Surgical Care at the District Hospital
Part 1 2 3 4 5 6 Primary Trauma Care Manual
ABCDE of trauma
Airway management
Airway management techniques
Ventilation (breathing) management
Circulatory management
Circulatory resuscitation measures
Secondary surgery
Chest trauma
Abdominal trauma
Head trauma
Spinal trauma
Neurological trauma
Limb trauma
Special trauma cases
Transport of critically ill patients
Trauma response
Activation plan for trauma team
Primary Trauma Care Manual | Airway management techniques



Chin lift and jaw thrust

To perform a chin lift, place two fingers under the mandible and gently lift upward to bring the chin anterior. During this manoeuvre, be careful not to
hyperextend the neck. Care should be given to neck stabilization, if appropriate.

The jaw thrust is performed by manually elevating the angles of the mandible to obtain the same effect.

Remember these are not definitive procedures and obstruction may occur at any time.

Oropharyngeal airway

Insert the oral airway into the mouth behind the tongue; it is usually inserted upside down until the palate is encountered and is then rotated 180 degrees. Take particular care in children because of the possibility of soft tissue damage.

Nasopharyngeal airway
Insert a nasopharyngeal airway (well lubricated) via a nostril and pass it into the posterior oropharynx. It is well tolerated.


Orotracheal intubation

Uncontrolled laryngoscopy may produce cervical hyperextension. It is essential that in line neck immobilization is maintained by an assistant. Cricoid pressure may be necessary if a full stomach is suspected. Inflate the cuff and check the correct placement of the tube by checking for normal bilateral breath sounds.

Consider tracheal intubation when there is a need to:

:: Establish a patent airway and prevent aspiration
:: Deliver oxygen while not being able to use mask and airway
:: Provide ventilation and prevent hypercarbia.

Tracheal intubation should be performed in no more than 30 seconds. If you are unable to intubate, continue ventilation of the patient via mask.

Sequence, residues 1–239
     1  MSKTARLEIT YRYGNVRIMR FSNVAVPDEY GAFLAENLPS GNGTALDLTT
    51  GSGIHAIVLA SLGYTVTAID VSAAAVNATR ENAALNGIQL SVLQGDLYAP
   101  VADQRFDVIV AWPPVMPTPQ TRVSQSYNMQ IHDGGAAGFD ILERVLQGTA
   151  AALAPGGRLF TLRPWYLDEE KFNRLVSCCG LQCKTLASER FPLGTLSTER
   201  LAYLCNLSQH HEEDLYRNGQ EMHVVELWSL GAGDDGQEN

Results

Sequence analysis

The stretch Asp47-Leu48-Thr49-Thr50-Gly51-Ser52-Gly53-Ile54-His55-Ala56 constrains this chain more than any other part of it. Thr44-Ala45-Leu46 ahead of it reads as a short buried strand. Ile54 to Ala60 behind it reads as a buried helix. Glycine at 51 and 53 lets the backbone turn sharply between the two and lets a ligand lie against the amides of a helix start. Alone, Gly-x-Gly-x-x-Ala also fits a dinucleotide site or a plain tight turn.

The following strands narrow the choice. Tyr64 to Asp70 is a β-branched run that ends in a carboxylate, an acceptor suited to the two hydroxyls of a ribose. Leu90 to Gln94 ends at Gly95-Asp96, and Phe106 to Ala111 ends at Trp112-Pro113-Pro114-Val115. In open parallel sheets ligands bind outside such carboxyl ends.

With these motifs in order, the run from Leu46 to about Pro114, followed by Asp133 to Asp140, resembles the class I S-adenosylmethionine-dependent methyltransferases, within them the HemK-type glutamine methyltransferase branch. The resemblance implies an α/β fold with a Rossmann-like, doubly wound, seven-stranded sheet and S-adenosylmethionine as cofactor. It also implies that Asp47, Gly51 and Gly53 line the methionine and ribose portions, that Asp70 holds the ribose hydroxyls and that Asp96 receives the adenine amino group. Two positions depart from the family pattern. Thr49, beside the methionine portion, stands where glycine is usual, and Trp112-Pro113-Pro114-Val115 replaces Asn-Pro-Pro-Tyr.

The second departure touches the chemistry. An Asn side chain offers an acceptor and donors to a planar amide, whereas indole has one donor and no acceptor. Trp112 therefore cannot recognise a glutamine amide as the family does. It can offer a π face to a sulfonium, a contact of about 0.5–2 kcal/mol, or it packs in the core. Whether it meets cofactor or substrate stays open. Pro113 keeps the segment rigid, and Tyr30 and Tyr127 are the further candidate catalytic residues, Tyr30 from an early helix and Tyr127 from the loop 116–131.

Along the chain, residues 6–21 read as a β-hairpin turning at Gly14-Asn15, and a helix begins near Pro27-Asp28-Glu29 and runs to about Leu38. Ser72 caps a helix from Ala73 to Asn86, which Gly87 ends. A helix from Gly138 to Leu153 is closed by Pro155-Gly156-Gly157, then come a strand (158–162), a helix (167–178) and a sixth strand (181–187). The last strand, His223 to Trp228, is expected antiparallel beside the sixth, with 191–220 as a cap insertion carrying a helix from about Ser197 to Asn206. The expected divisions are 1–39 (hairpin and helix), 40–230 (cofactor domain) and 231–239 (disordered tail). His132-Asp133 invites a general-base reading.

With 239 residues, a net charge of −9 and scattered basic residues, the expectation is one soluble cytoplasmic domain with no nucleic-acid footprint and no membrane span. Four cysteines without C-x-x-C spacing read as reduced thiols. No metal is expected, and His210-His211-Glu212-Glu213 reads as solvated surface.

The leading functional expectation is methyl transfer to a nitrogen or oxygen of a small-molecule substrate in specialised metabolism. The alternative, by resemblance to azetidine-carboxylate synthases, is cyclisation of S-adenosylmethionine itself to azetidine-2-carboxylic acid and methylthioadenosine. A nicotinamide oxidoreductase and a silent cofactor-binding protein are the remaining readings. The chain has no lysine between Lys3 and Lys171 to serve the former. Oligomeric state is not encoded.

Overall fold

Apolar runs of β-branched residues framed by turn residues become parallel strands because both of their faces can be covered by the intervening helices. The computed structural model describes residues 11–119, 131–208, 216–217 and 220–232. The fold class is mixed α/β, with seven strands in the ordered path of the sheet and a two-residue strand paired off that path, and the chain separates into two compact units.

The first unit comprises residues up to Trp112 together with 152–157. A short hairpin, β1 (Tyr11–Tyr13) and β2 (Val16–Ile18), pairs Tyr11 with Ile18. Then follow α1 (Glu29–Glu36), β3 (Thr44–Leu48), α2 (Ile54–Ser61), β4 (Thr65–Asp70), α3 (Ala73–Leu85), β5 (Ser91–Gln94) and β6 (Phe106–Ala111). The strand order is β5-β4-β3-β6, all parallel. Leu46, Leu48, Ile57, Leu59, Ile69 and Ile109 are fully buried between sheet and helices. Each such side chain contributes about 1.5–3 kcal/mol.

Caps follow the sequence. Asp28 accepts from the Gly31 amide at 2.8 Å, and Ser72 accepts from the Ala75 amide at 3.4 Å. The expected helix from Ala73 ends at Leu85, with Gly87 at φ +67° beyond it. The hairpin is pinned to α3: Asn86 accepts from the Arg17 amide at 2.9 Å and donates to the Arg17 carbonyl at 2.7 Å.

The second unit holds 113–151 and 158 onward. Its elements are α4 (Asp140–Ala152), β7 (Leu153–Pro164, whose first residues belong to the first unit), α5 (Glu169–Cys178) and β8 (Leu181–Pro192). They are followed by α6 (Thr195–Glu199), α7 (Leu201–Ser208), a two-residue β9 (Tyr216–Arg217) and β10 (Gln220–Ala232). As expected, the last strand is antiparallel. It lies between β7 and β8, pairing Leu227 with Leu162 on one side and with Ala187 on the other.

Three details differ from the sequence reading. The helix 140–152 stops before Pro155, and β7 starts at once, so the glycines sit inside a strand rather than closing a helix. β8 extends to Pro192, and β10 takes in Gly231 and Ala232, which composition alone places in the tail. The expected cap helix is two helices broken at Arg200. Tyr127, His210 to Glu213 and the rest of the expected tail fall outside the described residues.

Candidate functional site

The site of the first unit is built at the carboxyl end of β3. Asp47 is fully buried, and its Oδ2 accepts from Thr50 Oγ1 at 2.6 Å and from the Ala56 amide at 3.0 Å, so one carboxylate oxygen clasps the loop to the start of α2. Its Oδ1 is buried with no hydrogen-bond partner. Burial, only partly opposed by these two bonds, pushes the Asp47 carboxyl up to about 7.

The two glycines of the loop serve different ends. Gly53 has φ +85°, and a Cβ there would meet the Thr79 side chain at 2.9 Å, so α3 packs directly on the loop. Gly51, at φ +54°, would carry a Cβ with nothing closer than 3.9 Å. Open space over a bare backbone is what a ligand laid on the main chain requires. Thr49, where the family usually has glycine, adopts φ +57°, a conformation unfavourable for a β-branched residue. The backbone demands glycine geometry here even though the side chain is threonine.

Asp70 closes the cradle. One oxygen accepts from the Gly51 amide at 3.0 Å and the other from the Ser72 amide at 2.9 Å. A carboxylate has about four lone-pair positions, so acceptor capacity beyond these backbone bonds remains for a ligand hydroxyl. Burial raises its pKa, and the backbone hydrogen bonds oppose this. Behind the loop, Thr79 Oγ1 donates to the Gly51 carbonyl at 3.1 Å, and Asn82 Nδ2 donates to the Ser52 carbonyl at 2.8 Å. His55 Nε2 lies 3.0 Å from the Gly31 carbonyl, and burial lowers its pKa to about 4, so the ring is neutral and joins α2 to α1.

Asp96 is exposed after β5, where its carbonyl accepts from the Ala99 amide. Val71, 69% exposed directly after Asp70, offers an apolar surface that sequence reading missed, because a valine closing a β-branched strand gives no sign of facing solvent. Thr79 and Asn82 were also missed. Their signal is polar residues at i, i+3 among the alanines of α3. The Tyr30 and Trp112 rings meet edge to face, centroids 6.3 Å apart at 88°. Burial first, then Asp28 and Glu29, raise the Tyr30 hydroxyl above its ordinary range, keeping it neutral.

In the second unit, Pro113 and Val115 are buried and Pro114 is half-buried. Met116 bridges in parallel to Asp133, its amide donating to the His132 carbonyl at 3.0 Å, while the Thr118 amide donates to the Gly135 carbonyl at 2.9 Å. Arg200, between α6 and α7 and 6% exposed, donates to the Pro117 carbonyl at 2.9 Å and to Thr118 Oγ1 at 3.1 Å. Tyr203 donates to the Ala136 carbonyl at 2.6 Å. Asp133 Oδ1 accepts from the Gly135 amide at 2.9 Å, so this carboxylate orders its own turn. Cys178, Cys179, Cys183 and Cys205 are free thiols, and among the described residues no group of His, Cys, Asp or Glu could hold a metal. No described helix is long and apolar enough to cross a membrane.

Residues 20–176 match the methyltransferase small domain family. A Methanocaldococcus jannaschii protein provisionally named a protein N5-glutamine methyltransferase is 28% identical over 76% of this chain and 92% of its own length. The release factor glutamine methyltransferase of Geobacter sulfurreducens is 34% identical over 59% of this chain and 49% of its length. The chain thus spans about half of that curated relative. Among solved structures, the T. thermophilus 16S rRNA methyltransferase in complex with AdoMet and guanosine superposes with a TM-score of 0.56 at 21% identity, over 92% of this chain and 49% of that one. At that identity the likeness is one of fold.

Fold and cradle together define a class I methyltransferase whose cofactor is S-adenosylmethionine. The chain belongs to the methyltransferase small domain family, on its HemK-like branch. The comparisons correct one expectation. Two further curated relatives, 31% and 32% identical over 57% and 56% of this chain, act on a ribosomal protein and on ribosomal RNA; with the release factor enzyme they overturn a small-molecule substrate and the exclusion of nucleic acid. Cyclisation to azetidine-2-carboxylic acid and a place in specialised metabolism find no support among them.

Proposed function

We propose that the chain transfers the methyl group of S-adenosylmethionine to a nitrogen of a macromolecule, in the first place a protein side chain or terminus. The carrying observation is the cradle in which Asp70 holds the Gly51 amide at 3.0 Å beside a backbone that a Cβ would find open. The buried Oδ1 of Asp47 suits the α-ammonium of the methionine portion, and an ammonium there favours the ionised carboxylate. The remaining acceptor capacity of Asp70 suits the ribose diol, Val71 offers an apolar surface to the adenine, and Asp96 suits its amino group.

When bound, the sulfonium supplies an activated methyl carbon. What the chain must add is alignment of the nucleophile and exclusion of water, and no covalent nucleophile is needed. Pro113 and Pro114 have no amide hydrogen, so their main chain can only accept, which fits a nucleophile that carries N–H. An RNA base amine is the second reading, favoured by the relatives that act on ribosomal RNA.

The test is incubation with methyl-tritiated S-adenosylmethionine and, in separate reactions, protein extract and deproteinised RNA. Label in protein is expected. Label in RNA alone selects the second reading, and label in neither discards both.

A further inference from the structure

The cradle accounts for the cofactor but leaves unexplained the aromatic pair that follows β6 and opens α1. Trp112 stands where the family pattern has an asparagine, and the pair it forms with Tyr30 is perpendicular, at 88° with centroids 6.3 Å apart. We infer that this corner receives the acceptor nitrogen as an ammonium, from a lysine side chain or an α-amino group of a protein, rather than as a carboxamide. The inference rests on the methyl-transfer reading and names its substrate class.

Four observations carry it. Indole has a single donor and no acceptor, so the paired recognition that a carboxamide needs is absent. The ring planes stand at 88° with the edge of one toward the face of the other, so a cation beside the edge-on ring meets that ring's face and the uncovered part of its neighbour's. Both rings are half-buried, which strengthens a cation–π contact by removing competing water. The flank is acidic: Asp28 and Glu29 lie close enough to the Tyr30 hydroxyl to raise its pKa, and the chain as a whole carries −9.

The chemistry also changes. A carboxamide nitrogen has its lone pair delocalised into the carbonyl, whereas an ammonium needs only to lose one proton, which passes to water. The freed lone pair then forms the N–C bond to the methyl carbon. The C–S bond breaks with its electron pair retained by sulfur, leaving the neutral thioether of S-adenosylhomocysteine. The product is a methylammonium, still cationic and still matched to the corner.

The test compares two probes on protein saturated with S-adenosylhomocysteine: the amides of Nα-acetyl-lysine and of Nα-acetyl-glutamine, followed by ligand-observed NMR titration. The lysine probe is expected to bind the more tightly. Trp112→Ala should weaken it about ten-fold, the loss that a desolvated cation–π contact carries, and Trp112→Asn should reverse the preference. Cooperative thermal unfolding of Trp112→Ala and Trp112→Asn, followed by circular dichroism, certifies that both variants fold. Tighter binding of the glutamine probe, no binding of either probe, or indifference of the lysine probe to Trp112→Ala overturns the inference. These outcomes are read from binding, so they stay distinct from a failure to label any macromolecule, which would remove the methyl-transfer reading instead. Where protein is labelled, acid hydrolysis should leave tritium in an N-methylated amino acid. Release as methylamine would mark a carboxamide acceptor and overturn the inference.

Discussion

Remember: patients die from lack of oxygen, not lack of an endotracheal tube (ETT).

Surgical cricothyroidotomy

Surgical cricothyroidotomy should be conducted in any patient where intubation has been attempted twice and failed and/or the patient cannot be ventilated.


1 Hyperextend the neck, making the patient comfortable.
2 Identify the groove between the cricoid and thyroid cartilages just below the “Adam’s apple” (the protruding thyroid).
3 Clean the area and infiltrate with local anaesthetic.
4 Incise through the skin vertically with a 1.5 cm cut and use blunt dissection to ensure that you can see the membrane between the
thyroid and cricoid (Figure 1).
5 With a #22 or #23 scalpel blade, stab through the membrane into the hollow trachea.
6 Rotate the blade 90° (Figure 2), insert a curved artery forceps alongside the blade, remove the blade and open the forceps side to side, widening the space between the thyroid and cricoid cartilages
(Figure 3).
7 Pass a thin introducer or a nasogastric tube into the trachea if very small access (Figure 4) or proceed to 9.
8 Run a 4–6 endotracheal tube over the introducer and pass it into the trachea (Figure 5).
9 Remove the introducer, if used.

This tube can stay in place for up to 3 days. Do not attempt this procedure in a child under the age of 10 years; passing several needles through the membrane will give enough air entry.

This procedure should be performed by an experienced person, with prior knowledge of the anatomy and medical condition of the patient.

This procedure should not be undertaken bleeding and delay can cause death.

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